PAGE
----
Friday, March 27, 2009

Prayer for healing

These days I find myself thinking more about the state of the union,
the state of the world, the state of my heart.
Asking more questions. Wondering. Praying.
About foreclosed homes and lost jobs.
About the silent sorrows of those whose paths cross mine.
About suffering, death, and resurrection.
About fear, doubt, prayer and faith.

In those moments of deepest thought, I sometimes find myself sliding down a slope of sadness into a ditch of despair. The slightest slight sends me sprawling. The smallest criticism cuts me deeply. An unanswered call or email causes me to wonder if I matter anymore. When my words fail me, I seek solace in the words of men and women wiser and more insightful than myself.

Once again, Henri Nouwen's words gave voice to my inarticulate feelings.

"I hardly remember what it was, but a small critical remark and a few irritations during my work in the bakery were enough to tumble me head-over-heels into a deep, morose mood. Many hostile feelings were triggered and in a long sequence of morbid associations, I felt worse and worse about myself, my past, my work, and all the people who came to mind. But happily I saw myself tumbling and was amazed how little was needed to lose my peace of mind and to pull my whole world out of perspective. Oh, how vulnerable I am."

For me it can be a criticism about food I prepare. Or as yet unwashed sweatpants. It can be the rolled eyes and deep sigh of resentment when someone I live with is asked to walk the dog.
No matter how minor the infraction perpetrated against me, I find a way to build a wall of protective hostility, stew up a cauldron of vengeful anger, and outline a seminar of anticipatory snarkiness against the offending party. When I am attentive, I catch myself in the middle of the internal diatribe and am able to recover my sense of balance and peace before any significant damage is done. When I am inattentive, the doldrums and depressing thoughts can last for days. Woe is me and anyone who has to deal with me on those days.

"The milieu of this place full of prayerful people prevents me from acting out, from getting angry, from bursting open. I can sit down and see how quickly the little empty place of peace in my heart is filled again with rocks and garbage falling down from all sides."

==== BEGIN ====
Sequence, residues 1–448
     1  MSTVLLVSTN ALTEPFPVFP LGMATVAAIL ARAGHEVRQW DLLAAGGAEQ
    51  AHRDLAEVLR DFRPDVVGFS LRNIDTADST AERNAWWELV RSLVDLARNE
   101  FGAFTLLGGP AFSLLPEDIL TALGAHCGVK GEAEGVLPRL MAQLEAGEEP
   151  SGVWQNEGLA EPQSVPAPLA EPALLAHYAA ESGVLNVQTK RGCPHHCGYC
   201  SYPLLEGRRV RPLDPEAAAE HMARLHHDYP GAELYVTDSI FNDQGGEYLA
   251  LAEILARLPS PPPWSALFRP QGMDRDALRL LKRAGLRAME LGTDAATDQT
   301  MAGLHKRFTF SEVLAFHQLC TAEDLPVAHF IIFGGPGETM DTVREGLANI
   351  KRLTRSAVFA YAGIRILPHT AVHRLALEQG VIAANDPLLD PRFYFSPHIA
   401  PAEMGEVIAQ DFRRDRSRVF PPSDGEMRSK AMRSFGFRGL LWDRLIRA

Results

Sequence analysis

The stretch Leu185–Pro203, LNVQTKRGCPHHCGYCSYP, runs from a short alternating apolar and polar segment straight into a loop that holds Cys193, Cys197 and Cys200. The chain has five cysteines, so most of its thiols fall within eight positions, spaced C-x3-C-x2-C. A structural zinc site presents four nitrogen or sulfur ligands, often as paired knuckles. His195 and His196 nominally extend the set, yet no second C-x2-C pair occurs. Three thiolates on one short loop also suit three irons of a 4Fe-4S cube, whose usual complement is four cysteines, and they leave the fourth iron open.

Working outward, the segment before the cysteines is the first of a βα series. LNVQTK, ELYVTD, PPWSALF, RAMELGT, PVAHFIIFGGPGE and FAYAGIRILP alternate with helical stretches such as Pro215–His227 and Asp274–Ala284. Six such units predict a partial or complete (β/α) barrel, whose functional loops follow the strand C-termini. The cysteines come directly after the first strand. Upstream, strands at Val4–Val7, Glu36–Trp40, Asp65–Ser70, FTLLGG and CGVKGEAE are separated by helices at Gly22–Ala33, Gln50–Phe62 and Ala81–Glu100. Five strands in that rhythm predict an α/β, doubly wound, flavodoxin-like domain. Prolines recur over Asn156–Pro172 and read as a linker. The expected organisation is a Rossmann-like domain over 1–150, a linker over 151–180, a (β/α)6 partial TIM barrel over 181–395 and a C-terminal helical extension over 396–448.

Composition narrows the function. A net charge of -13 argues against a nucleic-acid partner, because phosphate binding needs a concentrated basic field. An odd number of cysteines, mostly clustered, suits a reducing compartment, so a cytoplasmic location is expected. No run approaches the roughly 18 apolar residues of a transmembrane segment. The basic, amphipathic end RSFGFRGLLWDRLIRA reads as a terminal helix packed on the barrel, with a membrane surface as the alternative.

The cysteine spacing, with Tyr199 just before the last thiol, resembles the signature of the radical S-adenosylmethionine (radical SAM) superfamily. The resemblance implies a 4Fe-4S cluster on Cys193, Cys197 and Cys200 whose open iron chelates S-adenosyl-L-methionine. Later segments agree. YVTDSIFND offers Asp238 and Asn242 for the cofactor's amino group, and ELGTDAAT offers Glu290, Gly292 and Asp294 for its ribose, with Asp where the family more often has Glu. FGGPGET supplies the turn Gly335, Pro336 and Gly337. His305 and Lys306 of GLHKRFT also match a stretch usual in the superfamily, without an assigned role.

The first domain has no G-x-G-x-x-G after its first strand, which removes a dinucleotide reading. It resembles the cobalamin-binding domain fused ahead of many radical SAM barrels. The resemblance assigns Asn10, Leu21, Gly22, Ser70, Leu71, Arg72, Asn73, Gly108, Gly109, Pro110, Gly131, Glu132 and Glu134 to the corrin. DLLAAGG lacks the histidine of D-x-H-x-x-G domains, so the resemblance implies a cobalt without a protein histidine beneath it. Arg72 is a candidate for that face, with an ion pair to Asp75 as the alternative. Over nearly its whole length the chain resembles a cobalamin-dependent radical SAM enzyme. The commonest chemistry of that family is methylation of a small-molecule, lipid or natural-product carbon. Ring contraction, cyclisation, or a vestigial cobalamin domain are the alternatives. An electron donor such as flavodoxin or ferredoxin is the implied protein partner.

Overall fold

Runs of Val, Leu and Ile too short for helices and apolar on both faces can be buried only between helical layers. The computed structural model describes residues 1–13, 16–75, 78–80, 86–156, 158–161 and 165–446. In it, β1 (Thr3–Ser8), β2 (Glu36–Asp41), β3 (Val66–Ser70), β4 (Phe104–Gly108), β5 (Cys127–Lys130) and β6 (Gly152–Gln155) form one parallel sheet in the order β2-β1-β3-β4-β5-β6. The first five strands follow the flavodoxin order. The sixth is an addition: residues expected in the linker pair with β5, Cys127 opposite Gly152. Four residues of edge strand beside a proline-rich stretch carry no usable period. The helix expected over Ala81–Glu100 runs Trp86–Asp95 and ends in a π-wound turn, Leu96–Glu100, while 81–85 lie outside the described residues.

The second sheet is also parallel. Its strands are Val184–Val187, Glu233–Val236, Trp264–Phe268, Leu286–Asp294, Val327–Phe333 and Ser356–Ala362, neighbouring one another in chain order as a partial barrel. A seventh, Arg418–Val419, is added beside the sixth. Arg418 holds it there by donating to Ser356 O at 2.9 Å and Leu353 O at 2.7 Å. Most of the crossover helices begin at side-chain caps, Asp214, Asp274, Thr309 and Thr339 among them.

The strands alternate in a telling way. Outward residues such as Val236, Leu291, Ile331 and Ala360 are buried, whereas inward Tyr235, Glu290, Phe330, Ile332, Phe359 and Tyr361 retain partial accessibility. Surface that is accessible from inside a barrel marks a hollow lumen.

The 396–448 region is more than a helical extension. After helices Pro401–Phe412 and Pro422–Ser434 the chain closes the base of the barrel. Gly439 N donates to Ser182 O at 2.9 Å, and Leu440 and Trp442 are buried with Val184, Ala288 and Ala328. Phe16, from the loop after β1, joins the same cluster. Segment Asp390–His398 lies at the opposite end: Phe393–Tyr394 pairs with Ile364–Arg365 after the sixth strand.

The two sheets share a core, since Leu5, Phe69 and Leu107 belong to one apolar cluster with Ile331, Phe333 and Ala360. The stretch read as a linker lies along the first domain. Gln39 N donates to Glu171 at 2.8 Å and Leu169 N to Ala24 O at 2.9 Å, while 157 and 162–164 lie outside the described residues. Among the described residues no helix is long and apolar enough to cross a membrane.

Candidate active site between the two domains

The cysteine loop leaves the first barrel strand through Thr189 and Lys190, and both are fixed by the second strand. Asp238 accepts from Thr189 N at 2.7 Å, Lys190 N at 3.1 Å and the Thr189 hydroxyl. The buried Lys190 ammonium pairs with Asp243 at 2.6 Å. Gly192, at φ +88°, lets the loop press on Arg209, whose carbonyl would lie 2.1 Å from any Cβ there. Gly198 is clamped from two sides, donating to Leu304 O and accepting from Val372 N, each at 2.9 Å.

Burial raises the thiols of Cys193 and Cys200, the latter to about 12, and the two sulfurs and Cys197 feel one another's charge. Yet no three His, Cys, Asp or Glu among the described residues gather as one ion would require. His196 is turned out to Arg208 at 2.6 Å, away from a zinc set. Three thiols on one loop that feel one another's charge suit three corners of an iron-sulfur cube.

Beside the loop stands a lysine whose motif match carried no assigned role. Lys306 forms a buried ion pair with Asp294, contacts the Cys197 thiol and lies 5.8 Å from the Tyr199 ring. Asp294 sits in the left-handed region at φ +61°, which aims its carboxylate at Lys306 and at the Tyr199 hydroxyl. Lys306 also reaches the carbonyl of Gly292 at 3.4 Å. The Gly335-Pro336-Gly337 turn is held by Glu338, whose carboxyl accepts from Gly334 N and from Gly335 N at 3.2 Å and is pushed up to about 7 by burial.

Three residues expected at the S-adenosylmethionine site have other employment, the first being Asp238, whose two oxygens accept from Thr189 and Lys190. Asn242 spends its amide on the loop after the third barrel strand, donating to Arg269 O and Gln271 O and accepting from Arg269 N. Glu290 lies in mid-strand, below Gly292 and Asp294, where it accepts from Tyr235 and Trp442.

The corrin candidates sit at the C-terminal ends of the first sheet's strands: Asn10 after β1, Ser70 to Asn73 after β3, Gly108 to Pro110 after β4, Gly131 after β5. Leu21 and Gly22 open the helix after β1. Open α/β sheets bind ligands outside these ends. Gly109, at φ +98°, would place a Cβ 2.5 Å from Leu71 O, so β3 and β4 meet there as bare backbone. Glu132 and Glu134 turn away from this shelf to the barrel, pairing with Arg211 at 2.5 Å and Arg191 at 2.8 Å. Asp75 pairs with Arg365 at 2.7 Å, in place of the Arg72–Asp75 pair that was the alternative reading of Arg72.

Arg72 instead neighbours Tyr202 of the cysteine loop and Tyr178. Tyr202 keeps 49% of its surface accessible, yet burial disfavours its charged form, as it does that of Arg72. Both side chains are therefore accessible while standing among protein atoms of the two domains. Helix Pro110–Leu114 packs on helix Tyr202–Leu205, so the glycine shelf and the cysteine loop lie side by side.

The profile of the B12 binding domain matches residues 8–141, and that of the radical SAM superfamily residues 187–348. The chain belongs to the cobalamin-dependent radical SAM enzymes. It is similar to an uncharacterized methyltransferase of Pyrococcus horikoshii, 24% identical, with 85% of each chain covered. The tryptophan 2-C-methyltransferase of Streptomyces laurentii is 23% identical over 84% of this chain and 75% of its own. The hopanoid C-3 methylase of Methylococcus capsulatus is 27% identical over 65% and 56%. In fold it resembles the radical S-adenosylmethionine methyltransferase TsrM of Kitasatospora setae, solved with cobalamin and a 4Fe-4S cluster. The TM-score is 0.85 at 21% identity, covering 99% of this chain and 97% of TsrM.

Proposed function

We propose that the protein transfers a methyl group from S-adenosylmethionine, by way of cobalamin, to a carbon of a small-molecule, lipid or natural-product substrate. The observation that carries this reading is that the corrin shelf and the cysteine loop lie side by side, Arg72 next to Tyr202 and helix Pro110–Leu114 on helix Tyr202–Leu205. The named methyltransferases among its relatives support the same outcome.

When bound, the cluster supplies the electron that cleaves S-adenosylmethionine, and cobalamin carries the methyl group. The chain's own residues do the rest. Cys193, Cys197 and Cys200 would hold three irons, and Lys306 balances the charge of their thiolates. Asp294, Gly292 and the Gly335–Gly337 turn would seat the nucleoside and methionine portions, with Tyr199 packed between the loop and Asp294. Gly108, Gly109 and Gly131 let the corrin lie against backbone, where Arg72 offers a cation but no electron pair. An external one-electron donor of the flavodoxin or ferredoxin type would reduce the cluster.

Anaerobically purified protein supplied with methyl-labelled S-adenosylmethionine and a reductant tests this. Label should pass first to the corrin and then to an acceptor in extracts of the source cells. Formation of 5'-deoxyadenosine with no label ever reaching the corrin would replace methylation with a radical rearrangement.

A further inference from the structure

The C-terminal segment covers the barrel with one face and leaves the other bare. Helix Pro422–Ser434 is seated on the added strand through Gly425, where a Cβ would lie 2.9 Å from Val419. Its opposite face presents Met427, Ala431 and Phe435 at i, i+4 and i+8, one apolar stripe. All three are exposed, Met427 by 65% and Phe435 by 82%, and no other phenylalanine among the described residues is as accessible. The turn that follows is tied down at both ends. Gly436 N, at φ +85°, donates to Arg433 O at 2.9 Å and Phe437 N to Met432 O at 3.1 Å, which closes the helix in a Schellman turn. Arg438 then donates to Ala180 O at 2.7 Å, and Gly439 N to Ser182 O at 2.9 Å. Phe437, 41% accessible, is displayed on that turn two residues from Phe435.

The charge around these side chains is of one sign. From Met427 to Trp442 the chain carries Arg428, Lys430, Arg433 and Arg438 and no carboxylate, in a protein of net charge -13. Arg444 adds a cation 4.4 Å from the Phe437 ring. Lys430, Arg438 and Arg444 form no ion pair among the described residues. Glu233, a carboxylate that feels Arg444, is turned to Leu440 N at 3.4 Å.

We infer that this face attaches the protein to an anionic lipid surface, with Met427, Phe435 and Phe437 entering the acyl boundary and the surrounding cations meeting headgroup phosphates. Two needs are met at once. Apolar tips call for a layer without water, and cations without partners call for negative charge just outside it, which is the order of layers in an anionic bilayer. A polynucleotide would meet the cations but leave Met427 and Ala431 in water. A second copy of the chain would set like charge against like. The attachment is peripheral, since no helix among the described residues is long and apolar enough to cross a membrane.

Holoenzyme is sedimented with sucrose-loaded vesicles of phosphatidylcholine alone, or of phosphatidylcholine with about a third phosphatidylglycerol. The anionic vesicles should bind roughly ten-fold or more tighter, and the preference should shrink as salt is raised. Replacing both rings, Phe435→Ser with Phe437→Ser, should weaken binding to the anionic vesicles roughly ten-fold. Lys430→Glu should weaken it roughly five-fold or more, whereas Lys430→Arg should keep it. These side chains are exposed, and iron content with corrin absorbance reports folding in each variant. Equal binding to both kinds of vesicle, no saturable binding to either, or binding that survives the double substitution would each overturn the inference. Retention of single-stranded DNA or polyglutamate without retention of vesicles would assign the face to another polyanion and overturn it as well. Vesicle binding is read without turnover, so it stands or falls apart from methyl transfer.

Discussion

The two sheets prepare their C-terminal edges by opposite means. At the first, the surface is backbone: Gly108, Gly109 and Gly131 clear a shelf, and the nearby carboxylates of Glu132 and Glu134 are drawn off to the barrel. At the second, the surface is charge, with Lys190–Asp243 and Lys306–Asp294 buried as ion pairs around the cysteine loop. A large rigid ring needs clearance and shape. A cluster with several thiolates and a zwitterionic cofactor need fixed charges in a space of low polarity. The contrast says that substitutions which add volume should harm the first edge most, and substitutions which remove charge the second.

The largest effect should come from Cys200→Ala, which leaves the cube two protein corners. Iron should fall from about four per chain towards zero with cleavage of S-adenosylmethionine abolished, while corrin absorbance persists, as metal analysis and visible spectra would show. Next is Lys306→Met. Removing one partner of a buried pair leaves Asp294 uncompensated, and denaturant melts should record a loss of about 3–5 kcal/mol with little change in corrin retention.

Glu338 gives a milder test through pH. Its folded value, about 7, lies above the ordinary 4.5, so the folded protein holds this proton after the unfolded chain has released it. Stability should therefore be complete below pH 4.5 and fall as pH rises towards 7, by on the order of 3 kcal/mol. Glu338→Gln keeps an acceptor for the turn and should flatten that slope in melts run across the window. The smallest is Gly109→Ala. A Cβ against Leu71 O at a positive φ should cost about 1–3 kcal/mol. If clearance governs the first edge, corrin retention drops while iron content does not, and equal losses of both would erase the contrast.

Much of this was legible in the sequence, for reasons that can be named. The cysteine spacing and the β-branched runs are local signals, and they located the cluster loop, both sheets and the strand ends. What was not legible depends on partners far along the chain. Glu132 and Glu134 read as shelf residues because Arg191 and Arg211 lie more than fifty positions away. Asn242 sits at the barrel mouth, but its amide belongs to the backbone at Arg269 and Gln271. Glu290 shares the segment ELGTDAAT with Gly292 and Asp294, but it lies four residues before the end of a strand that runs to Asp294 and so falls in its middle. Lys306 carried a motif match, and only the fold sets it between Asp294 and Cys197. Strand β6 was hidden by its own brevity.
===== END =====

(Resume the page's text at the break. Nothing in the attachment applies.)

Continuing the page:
I hardly live in a place full of prayerful people, but I feel stifled in my emotional outbursts nonetheless. Certainly, my husband and children, my mother and mother-in-law, my neighbors and friends, don't deserve to be yelled, growled, or snapped at. Nor does my tiny little dog. But the place in me where my soul resides often and rapidly overflows with resentment and self-pity and self-righteous indignation, and equally often and rapidly needs to be sorted through, emptied, cleaned, and refilled with peace and joy and love that surpass all understanding.

"It is hard to pray in such a mood. But still during Terce, the short prayer immediately after work, standing outside in our dirty work clothes, we read, 'Is anyone among you in trouble? He should turn to prayer.' Indeed prayer is the only real way to clean my heart and create new space. When it is there, it seems that I can receive many concerns of others in it without becoming depressed. When I sense that inner quite place, I can pray for many others and feel a very intimate relationship with them. There even seems to be room for the thousands of suffering people in prisons and in the deserts of North Africa. Sometimes I feel as if my heart expands from my parents traveling in Indonesia to my friends in Los Angeles and from the Chilean prisons to the parishes in Brooklyn."

It is in the short prayers, the quick ones, that I often find the greatest relief from my mental and spiritual ulcers.
"Help me, please. Help.
Lord, have mercy. Christ, have mercy.
All shall be well. All shall be well.
Forgive me, Lord, for I don't know what I'm doing.
I don't understand why. But I believe anyway.
I can't believe this, but I will trust that all shall be well anyway.
Give it to me, give it to me, give it to me, give me peace.
Thank you anyway.
Thank you."

Within minutes, I feel opened up again. Less tight. Expanded, inside and out.
Like an asthmatic that has just concluded a nebulizer treatment.
Able to breathe more easily.
Able to love and be loved,
to forgive and ask for forgiveness,
to pray for others and ask for prayer from others.
My heart expands. My love expands. My life expands.
I am restored. I am refreshed. I am healed.

Again, Nouwen says it so well:
"Prayer heals. Not just the answer to prayer.
When we give up our competition with God
and offer God every part of our heart,
holding back nothing at all, we come to know God's love for us
and discover how safe we are in His embrace."

Added a couple of hours later: a link to a blog about how NOT to sink into despair. Ideas on how to live with intention.
Thanks, Chookooloonks.

And another link to someone who is dreaming of ways to bring hope to forgotten people and places. Check her out here, and consider supporting her dream. It's a long blog post, but well worth the time and effort.


Laurie said...

I am sending you the biggest, warmest, friendliest hug ever.... You sweet lady. Keep writing... keep sharing and keep the FAITH!

Lisa said...

Mmmm, yes, sending you hugs of release and peace today, dear Gail.

“I wish I could show you when you are lonely or in darkness the astonishing light of your own being.”

I'm experiencing emotional upheaval and shut down here as well. Learning, once again, all the answers I need already reside within myself ~ in the Divine Light of my own, True being.

Karen Maezen Miller said...

Yes! Prayer heals. It cures, cleanses, rinses and puts our cares away.